The Omen Days come from a tradition of observing nature during the Twelve Days of Christmas, from 26th December/St. Stephen’s Day/Boxing Day until Epiphany/Nollaig na Ban on 6th January. From each day’s observation one should have some augury for the month of the year ahead. So Stephen’s Day would be Day 1 of the Omen Days. And January 6th is Day 12 of the Omen Days.

Some use tarot cards. I used some Emily Dickinson Divination cards last year. I cannot say if they accurately foretold the theme for each month in the year ahead, but I can say that over 2018/2019, writing a poem a day sustained me while my husband’s sister was dying, the funeral and aftermath.

This year nature and it’s resurgence (and THERE is a lovely word of the year for 2021, isn’t it?!) has sustained us in our isolation. So it seemed right to write a haiku, senryu or tanka each day through the omen days. We shall see if they have been any kind of augury.

Then,as I was totting up some steps on my pedometer the other day, I wondered if I could keep a haiku/senryu/tanka journal for the 365 days of 2021. I have said in previous posts that I feel that Doorways is a real theme for 2021. What doors will open? Maybe by keenly observing nature I will record this threshold time.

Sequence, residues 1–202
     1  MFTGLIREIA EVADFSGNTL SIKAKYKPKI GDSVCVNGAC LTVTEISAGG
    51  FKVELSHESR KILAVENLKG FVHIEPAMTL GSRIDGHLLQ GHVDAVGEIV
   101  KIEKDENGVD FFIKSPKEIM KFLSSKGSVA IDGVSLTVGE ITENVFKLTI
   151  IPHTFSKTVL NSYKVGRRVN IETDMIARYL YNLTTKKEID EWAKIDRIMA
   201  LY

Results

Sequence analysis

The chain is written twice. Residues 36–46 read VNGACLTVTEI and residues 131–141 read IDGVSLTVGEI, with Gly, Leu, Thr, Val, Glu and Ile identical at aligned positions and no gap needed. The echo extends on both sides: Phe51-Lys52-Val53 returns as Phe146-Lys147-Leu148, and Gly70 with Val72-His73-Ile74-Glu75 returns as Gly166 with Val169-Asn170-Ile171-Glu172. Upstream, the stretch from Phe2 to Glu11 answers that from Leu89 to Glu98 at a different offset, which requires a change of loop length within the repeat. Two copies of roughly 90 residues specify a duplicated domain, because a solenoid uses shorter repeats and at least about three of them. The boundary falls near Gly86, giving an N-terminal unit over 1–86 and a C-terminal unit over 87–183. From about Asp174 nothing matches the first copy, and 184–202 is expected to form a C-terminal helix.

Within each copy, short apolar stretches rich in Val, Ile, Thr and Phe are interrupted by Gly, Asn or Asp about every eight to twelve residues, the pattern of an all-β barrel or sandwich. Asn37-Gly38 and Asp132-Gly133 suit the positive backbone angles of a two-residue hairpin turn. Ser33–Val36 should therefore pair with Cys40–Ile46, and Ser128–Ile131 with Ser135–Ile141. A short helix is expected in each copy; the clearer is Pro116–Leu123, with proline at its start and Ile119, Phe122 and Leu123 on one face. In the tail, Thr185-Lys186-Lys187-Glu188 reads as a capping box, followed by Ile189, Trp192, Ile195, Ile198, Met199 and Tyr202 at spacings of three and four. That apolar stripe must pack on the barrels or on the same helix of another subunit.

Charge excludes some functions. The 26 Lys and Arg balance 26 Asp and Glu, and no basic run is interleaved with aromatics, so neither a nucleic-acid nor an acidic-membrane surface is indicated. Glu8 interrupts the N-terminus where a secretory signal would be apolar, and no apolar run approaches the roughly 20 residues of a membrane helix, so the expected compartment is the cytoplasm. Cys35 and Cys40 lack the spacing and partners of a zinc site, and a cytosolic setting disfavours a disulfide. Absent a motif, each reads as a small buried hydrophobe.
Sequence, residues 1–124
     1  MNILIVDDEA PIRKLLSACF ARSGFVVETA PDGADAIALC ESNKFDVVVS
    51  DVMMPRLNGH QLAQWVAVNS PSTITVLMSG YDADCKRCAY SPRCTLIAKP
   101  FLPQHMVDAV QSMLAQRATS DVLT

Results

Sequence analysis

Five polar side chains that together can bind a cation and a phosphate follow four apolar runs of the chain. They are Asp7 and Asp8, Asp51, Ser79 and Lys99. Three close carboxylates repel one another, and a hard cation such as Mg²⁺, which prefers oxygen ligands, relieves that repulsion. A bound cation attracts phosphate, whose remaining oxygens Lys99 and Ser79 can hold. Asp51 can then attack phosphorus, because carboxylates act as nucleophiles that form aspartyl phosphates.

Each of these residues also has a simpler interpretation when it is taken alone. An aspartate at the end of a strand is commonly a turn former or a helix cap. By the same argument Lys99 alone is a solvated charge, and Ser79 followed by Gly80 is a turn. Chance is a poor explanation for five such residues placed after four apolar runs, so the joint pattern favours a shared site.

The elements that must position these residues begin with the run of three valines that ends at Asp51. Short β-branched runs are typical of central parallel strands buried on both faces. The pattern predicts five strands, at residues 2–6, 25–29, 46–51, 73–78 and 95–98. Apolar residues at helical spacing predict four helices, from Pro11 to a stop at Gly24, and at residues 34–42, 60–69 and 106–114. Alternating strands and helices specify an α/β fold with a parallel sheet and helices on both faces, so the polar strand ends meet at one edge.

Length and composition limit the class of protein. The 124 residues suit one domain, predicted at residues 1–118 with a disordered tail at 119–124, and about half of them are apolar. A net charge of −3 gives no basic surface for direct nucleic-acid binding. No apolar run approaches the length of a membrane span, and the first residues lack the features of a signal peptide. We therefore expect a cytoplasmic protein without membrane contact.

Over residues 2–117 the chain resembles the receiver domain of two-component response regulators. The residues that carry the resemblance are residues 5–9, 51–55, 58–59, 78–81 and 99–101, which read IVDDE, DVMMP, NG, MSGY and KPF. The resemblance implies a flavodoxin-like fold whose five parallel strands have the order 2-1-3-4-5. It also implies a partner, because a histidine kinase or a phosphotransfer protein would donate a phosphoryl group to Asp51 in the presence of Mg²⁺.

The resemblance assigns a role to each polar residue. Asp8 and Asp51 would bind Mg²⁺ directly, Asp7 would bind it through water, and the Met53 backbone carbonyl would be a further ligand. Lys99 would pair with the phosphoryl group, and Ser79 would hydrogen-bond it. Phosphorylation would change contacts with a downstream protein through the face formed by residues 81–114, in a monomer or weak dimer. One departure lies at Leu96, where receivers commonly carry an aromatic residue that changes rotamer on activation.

I have been given a lovely notebook with bees on it by our goddaughter. It is quite small. A perfect size for keeping a haiku journal. I have a couple projects that are going to keep my nose to the grind stone over the next few months, so keeping my poetry writing hand active with small, obtainable daily objectives seems sensible.

It’s been frosty and cold most of these Omen Days with Day 8 being the exception. Far sunnier than we normally experience in winter, too. My ten year old grandniece in Pennsylvania is a keen amateur meterologist. I wonder what she would predict from our weather? Although she is having far more fun following tornados in Galveston.

Here is a sampling of my Omen Days haiku, senryu and tanka. Haiku traditionally has a season word and, ideally, a bit of an ‘Ah ha! wrapped up in its seventeen syllables. Senryu also has the same seventeen syllable pattern, but observes human nature rather than the environment. A tanka is basically a haiku/senryu capped with two lines of seven syllables each.

Omen Day 1 - St. Stephen's Day, 26th December 2020

When's the sky true white?
A blank page that's fluttering
Wind an ocean roar

Omen Day 4 - 29th December 2020

Birds glide on thermals
They trust in their skill - or fate
Would that I could
Omen Day 5 - 30th December 2020

The forecast: snowfall